time. It is inappropriate to use Internet-Drafts as reference time. It is inappropriate to use Internet-Drafts as reference
material or to cite them other than as "work in progress." material or to cite them other than as "work in progress."
This Internet-Draft will expire on August 5, 2019. This Internet-Draft will expire on August 15, 2019.
Copyright Notice Copyright Notice
Copyright (c) 2019 IETF Trust and the persons identified as the Copyright (c) 2019 IETF Trust and the persons identified as the
document authors. All rights reserved. document authors. All rights reserved.
This document is subject to BCP 78 and the IETF Trust's Legal This document is subject to BCP 78 and the IETF Trust's Legal
Provisions Relating to IETF Documents Provisions Relating to IETF Documents
(https://trustee.ietf.org/license-info) in effect on the date of (https://trustee.ietf.org/license-info) in effect on the date of
publication of this document. Please review these documents publication of this document. Please review these documents
skipping to change at page 12, line 34 skipping to change at page 12, line 34
* @return unsigned integer between 0 and 255 inclusive. * @return unsigned integer between 0 and 255 inclusive.
*/ */
uint32_t tinymt32_rand256(tinymt32_t *s) uint32_t tinymt32_rand256(tinymt32_t *s)
{ {
return (tinymt32_generate_uint32(s) & 0xFF); return (tinymt32_generate_uint32(s) & 0xFF);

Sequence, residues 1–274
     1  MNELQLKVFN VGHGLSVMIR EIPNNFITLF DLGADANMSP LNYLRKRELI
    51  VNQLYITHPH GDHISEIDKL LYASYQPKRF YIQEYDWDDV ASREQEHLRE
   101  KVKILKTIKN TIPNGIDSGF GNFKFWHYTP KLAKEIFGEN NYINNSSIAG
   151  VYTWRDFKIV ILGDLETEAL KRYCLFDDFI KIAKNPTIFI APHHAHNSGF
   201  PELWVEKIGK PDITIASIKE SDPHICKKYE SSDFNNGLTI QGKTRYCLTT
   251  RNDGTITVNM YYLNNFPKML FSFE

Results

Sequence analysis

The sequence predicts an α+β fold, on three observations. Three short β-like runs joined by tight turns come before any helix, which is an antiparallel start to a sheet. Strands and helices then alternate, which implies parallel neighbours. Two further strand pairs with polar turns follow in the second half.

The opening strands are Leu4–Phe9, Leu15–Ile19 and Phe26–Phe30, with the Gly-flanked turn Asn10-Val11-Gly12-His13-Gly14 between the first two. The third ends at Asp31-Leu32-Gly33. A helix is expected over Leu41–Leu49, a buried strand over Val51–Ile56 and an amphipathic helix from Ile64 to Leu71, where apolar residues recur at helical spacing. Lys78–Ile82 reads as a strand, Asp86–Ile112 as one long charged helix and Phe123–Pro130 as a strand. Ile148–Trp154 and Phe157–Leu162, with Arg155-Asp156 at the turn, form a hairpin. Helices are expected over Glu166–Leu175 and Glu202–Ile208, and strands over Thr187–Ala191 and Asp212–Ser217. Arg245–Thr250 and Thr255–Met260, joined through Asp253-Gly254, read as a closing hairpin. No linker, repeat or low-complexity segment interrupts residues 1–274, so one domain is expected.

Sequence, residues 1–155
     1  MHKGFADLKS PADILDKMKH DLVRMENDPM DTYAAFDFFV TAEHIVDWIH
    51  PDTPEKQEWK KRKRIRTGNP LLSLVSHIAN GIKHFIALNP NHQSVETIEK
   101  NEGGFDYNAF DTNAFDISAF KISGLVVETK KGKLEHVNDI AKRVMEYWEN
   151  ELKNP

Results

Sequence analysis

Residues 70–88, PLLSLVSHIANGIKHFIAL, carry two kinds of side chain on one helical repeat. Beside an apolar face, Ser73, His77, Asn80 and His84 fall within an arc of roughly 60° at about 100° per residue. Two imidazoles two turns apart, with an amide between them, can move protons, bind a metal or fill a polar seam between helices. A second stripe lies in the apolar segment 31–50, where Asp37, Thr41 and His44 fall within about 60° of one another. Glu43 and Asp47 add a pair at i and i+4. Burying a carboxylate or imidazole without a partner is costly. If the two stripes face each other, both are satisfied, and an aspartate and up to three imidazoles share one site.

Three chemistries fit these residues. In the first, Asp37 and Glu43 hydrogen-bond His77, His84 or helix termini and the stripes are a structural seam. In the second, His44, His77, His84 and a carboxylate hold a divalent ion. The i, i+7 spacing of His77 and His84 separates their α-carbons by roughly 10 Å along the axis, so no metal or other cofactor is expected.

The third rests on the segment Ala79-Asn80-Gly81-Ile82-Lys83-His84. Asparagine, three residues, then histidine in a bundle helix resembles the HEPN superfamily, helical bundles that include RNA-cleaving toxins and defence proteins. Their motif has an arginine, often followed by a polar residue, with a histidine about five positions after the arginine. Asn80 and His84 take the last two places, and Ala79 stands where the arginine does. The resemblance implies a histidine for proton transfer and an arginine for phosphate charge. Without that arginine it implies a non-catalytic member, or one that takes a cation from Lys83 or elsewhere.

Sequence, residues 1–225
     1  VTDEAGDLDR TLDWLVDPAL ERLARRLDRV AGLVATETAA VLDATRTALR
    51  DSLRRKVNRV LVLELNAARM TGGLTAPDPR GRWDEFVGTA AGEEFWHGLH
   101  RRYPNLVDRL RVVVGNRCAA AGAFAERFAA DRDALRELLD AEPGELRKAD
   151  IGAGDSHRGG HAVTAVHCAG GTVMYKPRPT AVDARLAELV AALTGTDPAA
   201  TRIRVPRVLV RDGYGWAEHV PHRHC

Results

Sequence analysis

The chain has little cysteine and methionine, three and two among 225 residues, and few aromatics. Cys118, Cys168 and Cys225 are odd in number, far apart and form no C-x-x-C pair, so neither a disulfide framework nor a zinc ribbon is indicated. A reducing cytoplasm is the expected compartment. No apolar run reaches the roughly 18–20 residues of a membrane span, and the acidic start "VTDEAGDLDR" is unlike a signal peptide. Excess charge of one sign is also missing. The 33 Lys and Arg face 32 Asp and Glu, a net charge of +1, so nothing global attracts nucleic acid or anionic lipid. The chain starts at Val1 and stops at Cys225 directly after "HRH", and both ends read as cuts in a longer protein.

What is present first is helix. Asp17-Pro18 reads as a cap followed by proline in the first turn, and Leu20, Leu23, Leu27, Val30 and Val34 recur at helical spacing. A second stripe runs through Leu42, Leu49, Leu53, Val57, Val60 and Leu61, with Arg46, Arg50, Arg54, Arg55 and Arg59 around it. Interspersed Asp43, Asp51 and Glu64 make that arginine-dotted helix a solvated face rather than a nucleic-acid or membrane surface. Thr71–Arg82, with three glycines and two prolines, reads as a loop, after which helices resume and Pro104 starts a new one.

} }
<CODE ENDS> <CODE ENDS>
Figure 2: 4-bit and 8-bit mapping functions for TinyMT32 Figure 2: 4-bit and 8-bit mapping functions for TinyMT32
Any implementation of this PRNG MUST fulfil three validation Any implementation of this PRNG MUST fulfill three validation
criteria, the one described in [tinymt32] (for the TinyMT32 32-bit criteria: the one described in [tinymt32] (for the TinyMT32 32-bit
unsigned integer generator) and the two ones detailed in Appendix A unsigned integer generator), and the two others detailed in
(for the mapping to 4-bit and 8-bit intervals). Because of the way Appendix A (for the mapping to 4-bit and 8-bit intervals). Because
the mapping functions work, it is unlikely that an implementation of the way the mapping functions work, it is unlikely that an
that fulfils the first criteria fails to fulfil the two additional implementation that fulfills the first criterion fails to fulfill the
ones. two others.
3.6. Coding Coefficients Generation Function 3.6. Coding Coefficients Generation Function